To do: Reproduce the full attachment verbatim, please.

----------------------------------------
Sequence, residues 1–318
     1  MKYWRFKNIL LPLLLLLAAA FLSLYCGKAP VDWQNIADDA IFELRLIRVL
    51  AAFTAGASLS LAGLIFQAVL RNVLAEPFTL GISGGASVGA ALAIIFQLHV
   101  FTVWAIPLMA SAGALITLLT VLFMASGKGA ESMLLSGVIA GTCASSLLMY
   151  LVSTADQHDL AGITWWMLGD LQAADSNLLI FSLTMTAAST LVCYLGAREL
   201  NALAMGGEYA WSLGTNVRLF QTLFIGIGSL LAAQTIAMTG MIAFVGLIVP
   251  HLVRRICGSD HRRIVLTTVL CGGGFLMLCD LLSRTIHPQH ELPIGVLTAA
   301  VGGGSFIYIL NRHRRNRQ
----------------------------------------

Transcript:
Sequence, residues 1–318
     1  MKYWRFKNIL LPLLLLLAAA FLSLYCGKAP VDWQNIADDA IFELRLIRVL
    51  AAFTAGASLS LAGLIFQAVL RNVLAEPFTL GISGGASVGA ALAIIFQLHV
   101  FTVWAIPLMA SAGALITLLT VLFMASGKGA ESMLLSGVIA GTCASSLLMY
   151  LVSTADQHDL AGITWWMLGD LQAADSNLLI FSLTMTAAST LVCYLGAREL
   201  NALAMGGEYA WSLGTNVRLF QTLFIGIGSL LAAQTIAMTG MIAFVGLIVP
   251  HLVRRICGSD HRRIVLTTVL CGGGFLMLCD LLSRTIHPQH ELPIGVLTAA
   301  VGGGSFIYIL NRHRRNRQ